It’s been two and a half months since Blue Origin and Dynetics lost out to SpaceX in NASA’s program to commission commercial lunar landers for the first crewed mission to the moon since Apollo.
Both companies are appealing NASA’s decision, and the Government Accountability Office is due to rule on their protests by Aug. 4. The GAO could force NASA to revisit its decision to give SpaceX a $2.9 billion contract for a moon-lander version of its Starship super-rocket — or let the decision stand as is.
We’ve already talked about why this is an important program for Blue Origin and its billionaire founder, Jeff Bezos, as well as for Blue Origin’s partners in the “National Team”: Lockheed Martin, Northrop Grumman and Draper. But it’s also important for Alabama-based Dynetics, a Leidos subsidiary that worked on its bid with more than two dozen partners and subcontractors including Sierra Space, Draper and Thales Alenia Space Italy.
NASA gave Dynetics a lower rating than SpaceX and the National Team in its assessment for the initial phase of the Human Landing System program, a.k.a. HLS Option A. Nevertheless, Dynetics is continuing to work on its lunar lander concept.
In connection with our story about Blue Origin, we sent Dynetics a few questions about the status of its lander development program — and company spokeswoman Kristina Hendrix sent back these answers:
Cosmic Log: Is work on the lunar lander project continuing, either as part of the closeout of the initial funding round or at your expense? Anything you can provide on the plan to move forward, whether the GAO bid protest is sustained or the sole-source award to SpaceX is upheld, would be appreciated.
Dynetics: “The three HLS contractors submitted our proposals to NASA for Option A back in December, but the Base Period contracts continued through February, and a lot of additional work was accomplished. At Dynetics, we hit a significant milestone in early February by completing an integrated lander Preliminary Design Review (PDR) — a huge accomplishment given it was less than nine months from contract start. As is the case with any complex system development program, reaching PDR didn’t mean the design was complete. We’ve continued to make excellent progress.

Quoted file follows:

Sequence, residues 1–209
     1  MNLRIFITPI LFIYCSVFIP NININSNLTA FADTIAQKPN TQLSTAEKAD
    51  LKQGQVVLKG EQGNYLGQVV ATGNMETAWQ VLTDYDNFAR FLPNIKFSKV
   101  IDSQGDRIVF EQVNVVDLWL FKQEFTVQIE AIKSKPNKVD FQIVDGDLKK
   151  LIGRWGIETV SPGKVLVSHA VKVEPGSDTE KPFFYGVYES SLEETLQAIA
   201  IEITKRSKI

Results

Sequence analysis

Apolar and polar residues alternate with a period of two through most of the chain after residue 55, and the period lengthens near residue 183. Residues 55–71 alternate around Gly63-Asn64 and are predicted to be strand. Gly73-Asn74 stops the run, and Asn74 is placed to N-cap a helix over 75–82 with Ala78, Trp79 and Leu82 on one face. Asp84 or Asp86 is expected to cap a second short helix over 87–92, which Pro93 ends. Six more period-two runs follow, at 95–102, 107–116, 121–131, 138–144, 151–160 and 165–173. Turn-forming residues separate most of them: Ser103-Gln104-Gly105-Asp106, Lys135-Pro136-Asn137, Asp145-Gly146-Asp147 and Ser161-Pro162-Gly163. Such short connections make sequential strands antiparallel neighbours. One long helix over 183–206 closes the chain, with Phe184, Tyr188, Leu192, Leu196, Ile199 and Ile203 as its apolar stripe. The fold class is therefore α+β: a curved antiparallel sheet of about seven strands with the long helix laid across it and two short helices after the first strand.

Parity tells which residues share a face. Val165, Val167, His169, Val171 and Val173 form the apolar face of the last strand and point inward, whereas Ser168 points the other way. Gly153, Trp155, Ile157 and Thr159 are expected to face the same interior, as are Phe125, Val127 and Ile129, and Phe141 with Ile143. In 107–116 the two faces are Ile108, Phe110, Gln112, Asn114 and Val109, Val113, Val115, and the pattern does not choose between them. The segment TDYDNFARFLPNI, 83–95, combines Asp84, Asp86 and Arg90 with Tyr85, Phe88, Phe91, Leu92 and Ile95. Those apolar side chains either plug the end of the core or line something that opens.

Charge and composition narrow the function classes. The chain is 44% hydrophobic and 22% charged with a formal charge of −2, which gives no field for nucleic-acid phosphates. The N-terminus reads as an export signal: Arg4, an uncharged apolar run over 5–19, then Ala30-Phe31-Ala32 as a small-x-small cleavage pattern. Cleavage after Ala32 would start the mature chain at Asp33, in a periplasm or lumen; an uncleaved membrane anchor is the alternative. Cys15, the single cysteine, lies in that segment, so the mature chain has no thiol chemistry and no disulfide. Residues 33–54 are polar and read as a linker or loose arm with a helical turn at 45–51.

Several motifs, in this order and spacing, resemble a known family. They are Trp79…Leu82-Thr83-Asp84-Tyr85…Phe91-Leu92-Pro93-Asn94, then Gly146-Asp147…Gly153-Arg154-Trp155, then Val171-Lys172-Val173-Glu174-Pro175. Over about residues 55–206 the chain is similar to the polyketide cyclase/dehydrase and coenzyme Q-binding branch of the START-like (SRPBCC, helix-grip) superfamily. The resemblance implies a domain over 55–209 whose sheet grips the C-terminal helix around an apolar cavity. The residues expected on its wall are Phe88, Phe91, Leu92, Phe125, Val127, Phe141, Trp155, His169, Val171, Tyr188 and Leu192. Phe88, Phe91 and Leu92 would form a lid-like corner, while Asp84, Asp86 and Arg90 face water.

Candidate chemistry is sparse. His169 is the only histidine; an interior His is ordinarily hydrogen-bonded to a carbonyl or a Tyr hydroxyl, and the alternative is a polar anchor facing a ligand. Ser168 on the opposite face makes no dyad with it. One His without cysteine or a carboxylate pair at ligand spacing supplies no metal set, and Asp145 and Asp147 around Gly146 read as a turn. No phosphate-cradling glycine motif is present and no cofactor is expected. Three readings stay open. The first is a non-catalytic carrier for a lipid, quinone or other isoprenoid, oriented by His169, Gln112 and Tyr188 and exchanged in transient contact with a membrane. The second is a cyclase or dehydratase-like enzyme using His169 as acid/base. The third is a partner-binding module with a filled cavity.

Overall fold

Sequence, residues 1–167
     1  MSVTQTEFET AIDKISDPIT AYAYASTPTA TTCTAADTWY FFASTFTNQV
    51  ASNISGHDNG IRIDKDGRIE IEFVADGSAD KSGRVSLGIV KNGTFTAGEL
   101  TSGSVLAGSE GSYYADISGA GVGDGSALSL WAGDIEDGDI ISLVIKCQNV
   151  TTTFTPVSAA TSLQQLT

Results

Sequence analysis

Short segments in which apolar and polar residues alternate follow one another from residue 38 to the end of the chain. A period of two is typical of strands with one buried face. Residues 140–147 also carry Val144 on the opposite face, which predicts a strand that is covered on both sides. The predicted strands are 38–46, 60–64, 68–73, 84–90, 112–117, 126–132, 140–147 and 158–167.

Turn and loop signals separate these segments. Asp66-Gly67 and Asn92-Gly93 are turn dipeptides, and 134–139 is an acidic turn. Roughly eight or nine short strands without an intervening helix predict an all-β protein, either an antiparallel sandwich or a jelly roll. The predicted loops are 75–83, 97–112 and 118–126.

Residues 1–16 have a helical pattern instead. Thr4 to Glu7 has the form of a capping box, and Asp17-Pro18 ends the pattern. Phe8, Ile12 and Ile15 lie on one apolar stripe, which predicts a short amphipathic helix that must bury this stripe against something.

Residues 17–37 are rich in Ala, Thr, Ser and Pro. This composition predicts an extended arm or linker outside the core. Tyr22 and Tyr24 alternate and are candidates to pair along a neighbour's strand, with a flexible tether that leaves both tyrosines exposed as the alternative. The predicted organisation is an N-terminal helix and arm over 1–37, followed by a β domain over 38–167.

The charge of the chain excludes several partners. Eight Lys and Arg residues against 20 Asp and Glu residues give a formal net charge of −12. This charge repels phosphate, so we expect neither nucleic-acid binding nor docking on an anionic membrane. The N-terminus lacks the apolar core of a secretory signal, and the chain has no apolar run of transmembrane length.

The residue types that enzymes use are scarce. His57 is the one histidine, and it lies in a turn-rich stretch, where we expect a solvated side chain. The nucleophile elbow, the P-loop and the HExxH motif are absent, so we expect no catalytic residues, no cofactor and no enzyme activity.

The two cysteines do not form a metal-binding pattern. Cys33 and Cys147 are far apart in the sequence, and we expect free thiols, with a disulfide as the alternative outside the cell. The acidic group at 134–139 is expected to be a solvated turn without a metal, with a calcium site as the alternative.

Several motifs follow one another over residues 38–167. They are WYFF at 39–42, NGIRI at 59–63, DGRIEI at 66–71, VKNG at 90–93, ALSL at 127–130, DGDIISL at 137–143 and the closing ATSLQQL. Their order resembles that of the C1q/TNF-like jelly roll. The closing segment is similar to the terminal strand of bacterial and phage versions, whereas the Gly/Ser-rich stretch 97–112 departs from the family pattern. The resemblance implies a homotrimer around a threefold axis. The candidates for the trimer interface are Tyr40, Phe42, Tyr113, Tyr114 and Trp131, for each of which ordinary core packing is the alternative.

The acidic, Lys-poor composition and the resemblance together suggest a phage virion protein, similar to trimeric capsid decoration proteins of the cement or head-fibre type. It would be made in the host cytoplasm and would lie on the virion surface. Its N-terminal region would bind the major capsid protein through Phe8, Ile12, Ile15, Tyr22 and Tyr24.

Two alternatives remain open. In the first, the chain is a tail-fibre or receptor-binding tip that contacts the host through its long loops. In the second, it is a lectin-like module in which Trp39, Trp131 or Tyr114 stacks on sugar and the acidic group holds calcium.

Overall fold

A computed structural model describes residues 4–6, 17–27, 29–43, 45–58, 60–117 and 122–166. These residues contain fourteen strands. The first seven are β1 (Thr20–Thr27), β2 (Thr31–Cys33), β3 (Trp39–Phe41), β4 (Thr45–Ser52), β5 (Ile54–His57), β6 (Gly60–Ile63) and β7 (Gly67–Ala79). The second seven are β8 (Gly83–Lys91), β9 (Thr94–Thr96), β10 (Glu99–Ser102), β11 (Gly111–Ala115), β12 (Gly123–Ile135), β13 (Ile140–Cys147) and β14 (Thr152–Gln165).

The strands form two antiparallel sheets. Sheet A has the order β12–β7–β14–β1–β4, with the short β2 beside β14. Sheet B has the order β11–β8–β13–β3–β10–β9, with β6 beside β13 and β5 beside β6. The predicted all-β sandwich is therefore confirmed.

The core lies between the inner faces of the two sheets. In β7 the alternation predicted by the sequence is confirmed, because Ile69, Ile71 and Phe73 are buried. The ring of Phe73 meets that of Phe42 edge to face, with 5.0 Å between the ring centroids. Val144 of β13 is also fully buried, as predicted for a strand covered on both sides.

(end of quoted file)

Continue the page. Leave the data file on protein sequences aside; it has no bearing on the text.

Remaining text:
“NASA’s funding for all three contractors stopped at the end of February, so all the work that’s been done since then has been self-funded. Dynetics has continued at our own expense, albeit at a slower pace with a reduced workforce. We’re preparing for the next HLS-related contract opportunities, whatever they may be.
“What we’re most focused on today is ensuring that we can deliver a transportation system that will support NASA’s long-term Artemis program goal of creating a sustainable presence on the moon.”
Q: What corrective action would you like to see from NASA? A review of the HLS bids after consultation with the three teams to revisit issues raised during the evaluation of proposals, a fresh start from square one, or some other process?
A: “We do not wish to comment on the details of the GAO’s ongoing evaluation beyond what’s already publicly available. There is broad agreement in the U.S. government to support the Artemis program, and there is expressed interest at NASA and by many in Congress to maintain meaningful competition. We believe NASA’s focus should be on competitively developing landers that can support a sustained presence on the moon.”
Q: Dynetics teamed up with a variety of other companies, including Sierra Space and Maxar Technologies, to put together its concept. Is the team still together, or have at least some of the partners gone their separate ways?
A: “Team Dynetics is still strong. We have an outstanding team of partners that has performed extremely well together. Many teammates continued to support even after NASA’s funding stopped at the end of February, showing their real dedication to the mission. The team is very supportive of our approach and is ready to ramp back up as soon as possible.”